“I will not speak of the fate of the local Jews; you can imagine what happened to them. But Poles also lived there. The Bandera forces butchered, one after another, all the Polish families who had not managed to go into hiding. They slaughtered them not with guns but with sabers. They derived pleasure from hacking up other peoples’ children with their bare hands and massacring women.”

— reprinted in Bulletin in Defense of Marxism (March 1991)

By 1947, most UPA units had escaped into the waiting arms of Western intelligence, which turned them into a guerrilla force against the Soviets. However, by 1950 they had little in the way of operational forces in Ukraine. And in 1959, the Soviet KGB assassinated the fascist pig Bandera.

Ukrainian Nationalism and Counterrevolution

The heroic victory of the Red Army over Hitler’s Nazis set the stage for incorporating western Ukraine into the USSR. Despite the presence of a parasitic, Russian-centered Stalinist bureaucracy, the planned economy of the Soviet Union laid the basis for the advancement of minority peoples and sharply undercut nationalist forces. Less wealthy regions, such as Central Asia and also Ukraine, were economically subsidized.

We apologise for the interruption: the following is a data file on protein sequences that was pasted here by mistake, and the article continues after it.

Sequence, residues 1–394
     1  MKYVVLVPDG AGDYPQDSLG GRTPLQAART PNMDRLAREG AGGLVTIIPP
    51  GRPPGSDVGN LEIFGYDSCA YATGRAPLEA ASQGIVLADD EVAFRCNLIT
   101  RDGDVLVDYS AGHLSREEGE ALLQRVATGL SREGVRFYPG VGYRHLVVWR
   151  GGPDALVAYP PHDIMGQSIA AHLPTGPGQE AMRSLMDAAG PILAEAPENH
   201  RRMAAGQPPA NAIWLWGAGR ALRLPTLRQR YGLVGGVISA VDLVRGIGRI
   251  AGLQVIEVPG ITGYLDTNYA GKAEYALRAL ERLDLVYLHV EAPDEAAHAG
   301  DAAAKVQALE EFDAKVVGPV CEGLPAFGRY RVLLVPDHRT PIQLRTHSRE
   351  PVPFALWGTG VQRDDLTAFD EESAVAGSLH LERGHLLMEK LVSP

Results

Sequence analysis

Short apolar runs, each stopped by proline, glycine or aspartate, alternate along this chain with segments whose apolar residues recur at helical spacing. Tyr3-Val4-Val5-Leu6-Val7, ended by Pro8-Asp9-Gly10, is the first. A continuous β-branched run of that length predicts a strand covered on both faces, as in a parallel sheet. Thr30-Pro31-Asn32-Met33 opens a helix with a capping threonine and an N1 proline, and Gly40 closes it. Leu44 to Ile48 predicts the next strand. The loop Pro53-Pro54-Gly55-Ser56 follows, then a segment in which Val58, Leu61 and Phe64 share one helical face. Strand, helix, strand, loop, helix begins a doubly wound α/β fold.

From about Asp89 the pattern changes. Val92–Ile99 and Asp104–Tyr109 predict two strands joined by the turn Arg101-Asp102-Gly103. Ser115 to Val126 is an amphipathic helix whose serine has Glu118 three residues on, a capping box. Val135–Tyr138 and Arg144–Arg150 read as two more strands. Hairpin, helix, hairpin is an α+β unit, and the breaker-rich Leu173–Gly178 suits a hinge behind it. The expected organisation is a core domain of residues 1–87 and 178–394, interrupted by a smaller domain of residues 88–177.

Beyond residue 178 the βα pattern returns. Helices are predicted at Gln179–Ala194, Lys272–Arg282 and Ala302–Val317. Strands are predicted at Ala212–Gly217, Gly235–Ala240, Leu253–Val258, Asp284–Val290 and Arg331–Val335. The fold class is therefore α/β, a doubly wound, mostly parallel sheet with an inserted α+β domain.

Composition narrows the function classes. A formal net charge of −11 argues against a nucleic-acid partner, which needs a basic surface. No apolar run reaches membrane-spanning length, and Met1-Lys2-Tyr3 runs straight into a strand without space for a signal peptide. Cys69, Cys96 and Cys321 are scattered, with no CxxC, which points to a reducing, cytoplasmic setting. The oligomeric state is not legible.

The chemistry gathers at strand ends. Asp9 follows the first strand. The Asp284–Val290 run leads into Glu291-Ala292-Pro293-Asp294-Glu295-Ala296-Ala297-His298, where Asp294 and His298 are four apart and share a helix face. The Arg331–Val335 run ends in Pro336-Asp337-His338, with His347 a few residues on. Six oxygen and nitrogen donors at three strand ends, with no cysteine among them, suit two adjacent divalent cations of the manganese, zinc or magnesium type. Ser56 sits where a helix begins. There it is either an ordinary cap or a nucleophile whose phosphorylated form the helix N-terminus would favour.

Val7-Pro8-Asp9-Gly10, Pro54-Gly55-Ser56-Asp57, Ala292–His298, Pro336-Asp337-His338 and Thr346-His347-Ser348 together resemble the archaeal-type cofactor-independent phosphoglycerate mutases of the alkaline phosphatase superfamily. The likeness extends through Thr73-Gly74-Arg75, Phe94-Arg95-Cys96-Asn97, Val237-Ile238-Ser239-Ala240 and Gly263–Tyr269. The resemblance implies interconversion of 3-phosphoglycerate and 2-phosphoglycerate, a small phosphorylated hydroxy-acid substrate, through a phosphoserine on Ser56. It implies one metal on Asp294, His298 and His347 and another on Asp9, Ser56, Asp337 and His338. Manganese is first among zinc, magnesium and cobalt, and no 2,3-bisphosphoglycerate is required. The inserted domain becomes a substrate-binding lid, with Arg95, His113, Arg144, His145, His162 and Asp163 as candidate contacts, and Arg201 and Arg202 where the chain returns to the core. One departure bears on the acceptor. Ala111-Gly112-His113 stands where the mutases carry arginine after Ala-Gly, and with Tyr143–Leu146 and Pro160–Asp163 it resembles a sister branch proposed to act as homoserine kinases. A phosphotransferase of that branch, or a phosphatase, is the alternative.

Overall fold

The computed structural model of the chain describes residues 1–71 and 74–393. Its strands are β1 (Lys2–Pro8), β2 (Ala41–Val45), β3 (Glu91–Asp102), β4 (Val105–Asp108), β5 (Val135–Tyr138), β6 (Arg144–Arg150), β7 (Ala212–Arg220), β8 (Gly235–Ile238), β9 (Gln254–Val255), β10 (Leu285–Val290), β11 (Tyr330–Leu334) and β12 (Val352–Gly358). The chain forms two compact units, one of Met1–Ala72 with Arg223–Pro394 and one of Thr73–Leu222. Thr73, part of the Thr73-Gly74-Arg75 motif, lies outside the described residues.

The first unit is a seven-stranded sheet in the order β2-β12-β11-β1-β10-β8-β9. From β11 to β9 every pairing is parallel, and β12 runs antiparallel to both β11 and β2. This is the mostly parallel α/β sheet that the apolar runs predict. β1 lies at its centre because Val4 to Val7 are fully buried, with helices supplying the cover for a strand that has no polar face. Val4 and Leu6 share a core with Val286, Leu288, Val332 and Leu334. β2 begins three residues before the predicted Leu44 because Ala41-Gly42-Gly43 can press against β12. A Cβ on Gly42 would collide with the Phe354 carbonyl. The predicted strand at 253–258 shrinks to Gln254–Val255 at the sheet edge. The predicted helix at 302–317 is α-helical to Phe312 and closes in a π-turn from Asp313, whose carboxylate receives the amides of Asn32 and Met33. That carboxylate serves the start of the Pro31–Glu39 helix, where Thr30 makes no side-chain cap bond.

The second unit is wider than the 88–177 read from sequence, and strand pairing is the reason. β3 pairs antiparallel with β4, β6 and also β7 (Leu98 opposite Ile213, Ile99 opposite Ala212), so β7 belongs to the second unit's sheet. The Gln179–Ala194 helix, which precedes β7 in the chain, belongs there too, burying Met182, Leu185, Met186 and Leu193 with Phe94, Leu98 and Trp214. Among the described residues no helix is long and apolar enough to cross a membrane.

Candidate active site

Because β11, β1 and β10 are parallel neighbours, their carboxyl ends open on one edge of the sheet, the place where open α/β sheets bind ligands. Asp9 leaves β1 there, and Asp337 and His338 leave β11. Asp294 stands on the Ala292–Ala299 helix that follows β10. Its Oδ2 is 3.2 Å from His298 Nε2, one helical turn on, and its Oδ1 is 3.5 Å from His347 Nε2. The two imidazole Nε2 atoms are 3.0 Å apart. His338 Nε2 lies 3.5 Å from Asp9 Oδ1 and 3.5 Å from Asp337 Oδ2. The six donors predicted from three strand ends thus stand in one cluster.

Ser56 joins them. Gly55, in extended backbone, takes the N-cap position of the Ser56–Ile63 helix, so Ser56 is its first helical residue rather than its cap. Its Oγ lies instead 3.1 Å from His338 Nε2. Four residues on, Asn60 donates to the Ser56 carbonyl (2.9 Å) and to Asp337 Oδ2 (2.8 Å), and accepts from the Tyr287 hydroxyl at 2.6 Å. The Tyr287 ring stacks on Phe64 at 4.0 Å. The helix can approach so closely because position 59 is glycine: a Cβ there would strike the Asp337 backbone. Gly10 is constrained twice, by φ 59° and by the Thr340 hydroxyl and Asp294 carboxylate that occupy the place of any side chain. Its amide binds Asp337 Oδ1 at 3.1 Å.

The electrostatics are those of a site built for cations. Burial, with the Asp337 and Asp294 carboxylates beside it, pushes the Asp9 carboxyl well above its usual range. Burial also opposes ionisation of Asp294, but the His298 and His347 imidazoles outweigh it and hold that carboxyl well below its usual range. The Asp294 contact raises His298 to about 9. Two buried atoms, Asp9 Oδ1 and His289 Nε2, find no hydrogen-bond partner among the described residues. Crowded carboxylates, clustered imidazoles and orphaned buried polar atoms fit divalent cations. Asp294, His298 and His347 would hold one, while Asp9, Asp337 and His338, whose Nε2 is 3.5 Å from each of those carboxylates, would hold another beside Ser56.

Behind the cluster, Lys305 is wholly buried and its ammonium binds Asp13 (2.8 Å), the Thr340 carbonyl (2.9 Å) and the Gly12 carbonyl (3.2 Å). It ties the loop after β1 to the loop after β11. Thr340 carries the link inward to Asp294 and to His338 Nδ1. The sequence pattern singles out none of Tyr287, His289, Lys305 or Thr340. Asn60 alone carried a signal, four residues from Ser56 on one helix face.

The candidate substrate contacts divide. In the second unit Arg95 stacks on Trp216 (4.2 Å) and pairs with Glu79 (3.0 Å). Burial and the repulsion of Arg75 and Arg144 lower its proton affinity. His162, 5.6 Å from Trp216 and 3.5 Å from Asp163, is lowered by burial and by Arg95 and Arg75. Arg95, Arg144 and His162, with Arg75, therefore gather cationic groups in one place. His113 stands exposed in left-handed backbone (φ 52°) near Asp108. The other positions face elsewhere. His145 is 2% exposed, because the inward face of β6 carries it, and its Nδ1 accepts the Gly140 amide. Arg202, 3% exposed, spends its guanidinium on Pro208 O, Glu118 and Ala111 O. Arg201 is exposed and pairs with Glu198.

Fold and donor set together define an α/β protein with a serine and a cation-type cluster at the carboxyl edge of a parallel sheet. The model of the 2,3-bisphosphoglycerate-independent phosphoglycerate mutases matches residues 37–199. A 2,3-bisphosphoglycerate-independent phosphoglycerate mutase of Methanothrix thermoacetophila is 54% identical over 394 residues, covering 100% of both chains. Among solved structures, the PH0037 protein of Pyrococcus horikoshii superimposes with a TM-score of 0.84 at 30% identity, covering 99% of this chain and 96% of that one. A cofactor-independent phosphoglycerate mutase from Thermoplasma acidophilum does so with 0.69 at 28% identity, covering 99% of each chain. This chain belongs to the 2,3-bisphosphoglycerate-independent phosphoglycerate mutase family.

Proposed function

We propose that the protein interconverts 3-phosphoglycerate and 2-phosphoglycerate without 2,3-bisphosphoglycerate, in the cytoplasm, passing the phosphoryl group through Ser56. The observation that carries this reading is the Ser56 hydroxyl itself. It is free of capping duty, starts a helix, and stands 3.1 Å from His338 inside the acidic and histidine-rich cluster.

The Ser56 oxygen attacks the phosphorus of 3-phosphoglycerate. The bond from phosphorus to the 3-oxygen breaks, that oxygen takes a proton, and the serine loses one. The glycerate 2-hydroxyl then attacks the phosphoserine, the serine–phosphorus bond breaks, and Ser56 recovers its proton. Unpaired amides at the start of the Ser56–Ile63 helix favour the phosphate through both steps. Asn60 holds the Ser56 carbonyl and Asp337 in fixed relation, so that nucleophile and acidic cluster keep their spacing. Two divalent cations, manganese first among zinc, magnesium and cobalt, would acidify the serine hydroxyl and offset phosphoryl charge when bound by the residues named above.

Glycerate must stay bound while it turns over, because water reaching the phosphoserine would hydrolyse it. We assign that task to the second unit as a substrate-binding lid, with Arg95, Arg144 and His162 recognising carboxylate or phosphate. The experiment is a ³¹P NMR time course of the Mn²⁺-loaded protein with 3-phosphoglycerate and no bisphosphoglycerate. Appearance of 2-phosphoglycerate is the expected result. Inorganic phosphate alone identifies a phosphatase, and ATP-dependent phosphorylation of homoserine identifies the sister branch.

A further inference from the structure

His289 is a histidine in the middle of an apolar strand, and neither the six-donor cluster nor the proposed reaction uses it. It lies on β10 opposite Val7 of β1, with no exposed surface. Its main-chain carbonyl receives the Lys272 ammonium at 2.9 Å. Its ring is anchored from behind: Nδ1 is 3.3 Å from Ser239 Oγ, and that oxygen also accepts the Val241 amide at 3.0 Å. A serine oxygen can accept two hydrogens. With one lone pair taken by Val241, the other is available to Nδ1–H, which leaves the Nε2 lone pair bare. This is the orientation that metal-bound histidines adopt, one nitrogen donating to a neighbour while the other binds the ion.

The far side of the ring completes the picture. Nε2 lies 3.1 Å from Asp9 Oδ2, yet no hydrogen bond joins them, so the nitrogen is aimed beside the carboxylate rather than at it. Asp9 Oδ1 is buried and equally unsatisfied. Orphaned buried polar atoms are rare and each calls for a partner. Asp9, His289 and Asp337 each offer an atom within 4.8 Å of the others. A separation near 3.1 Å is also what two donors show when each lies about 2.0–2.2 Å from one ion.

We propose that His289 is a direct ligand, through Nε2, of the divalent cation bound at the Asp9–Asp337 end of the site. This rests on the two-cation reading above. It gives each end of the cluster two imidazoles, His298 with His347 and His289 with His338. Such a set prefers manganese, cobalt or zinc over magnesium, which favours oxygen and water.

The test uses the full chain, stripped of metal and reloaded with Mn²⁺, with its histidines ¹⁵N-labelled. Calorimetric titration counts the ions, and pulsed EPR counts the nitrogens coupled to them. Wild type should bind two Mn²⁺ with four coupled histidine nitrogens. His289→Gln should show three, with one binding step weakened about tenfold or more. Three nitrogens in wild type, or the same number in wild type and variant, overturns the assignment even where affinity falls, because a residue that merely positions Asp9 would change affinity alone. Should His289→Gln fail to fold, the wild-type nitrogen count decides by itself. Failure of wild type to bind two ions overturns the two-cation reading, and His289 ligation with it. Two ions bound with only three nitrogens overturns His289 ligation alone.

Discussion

However, in the period of the terminal decline of the USSR, nationalist hatreds and rivalries were revived, becoming a motor force for counterrevolution. In the mid 1980s, the policy of perestroika (market reforms), initiated by Soviet premier Mikhail Gorbachev in an attempt to revive the economy, spurred decentralization, helping fuel the resurgence of long-suppressed national antagonisms. Bloody communal slaughter, such as between Azerbaijan and Armenia, erupted. Western imperialists, who had always sought to undermine the USSR by inflaming national divisions, encouraged the growth of pro-capitalist “independence” movements in the Baltics, Ukraine and elsewhere.

Fascist groups like Pamyat in Russia and the Banderaites in western Ukraine began to crawl out of their rat holes. In the name of anti-Stalinism, most of our left opponents simply caved in to the imperialist drive for capitalist counterrevolution, which triumphed in 1991-92, destroying the Soviet workers state. These supposed Marxists supported any and all anti-Soviet forces, including outright fascists. In 1991, International Communist League representatives withdrew from the editorial board of Revolutionary History, an archival publication focusing on the Trotskyist movement. One reason was the desire of a substantial part of the editorial board to publish patently fascistic Ukrainian nationalist material. As an article in our British section’s newspaper noted: “Mikhail Baitalsky didn’t hail the Banderaites as fellow fighters in the struggle against Stalin; we can’t be part of an editorial board which allies with their virtual equivalents in the Soviet Union today” (“ICL Withdraws from Revolutionary History Editorial Board,” Workers Hammer No. 122, April 1991).